A man serving a life sentence was given the green light to grow a beard while in prison due to his religious belief, despite the Florida Department of Corrections’ grooming policy, according to reports.
The decision came after the 11th Circuit Court of Appeals upheld a ruling that Durell Sims, a Muslim man housed at South Bay Correctional Facility, could keep his facial hair, according to WUWF-TV. It dismissed the DOC’s arguments that Sims didn’t pursue all administrative procedures before moving forward with a lawsuit related to the matter.
Sims, serving time for attempted murder, previously filed a lawsuit against the secretary of the state DOC, challenging the beard policy, which only allows the hair to grow a half-inch or remain clean-shaven, the McClatchy Washington Bureau reported.
He pointed out that the department’s policy was in violation of the Religious Land Use and Institutionalized Persons Act — which in part prohibits imposing burdens on people’s religious practices. One of his lawyers said that the victory could help other incarcerated seeking exceptions due to their faith.
“The Religious Land Use and Institutionalized Persons Act protects religious freedom for all,” Olivia Kelman said, according to the McClatchy Washington Bureau. “And so the importance of this is that folks who have various religious beliefs are entitled to exceptions that meet the standards of the law in order to practice and fulfill their religious beliefs, even while incarcerated, and that was the intent of Congress to provide for religious freedom of inmates who are incarcerated.”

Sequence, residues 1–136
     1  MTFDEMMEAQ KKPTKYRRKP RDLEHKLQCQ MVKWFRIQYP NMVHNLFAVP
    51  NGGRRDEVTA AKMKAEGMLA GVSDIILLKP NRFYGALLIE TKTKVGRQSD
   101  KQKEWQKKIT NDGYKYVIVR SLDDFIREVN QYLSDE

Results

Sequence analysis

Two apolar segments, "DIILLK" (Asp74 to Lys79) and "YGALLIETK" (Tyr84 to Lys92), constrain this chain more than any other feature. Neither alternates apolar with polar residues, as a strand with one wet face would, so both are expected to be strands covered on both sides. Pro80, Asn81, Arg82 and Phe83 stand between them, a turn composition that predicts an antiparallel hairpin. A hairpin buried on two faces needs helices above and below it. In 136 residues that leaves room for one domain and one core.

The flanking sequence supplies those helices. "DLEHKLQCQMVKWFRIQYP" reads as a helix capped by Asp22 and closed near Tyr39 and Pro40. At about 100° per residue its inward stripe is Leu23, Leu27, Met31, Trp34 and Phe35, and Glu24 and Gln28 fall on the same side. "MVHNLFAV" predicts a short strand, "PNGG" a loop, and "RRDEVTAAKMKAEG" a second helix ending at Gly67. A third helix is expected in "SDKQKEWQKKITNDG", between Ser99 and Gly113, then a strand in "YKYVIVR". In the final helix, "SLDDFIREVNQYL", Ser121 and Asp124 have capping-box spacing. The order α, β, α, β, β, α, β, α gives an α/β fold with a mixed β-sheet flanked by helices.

Prior to filing the lawsuit, Sims tried to rectify the issue internally three times, the outlet reported. He first filled out an informal grievance form, which was rejected by the facility chaplain. A formal grievance was denied, and when he attempted to appeal with the department secretary, he wasn’t successful.
“In short, Florida’s grievance procedures do not require that a prisoner file a petition to initiate rulemaking,” the ruling penned by judge Britt Grant said, per WUWF. “Florida’s process instead requires just three things: an informal grievance, a formal grievance, and an appeal to the [corrections] secretary.”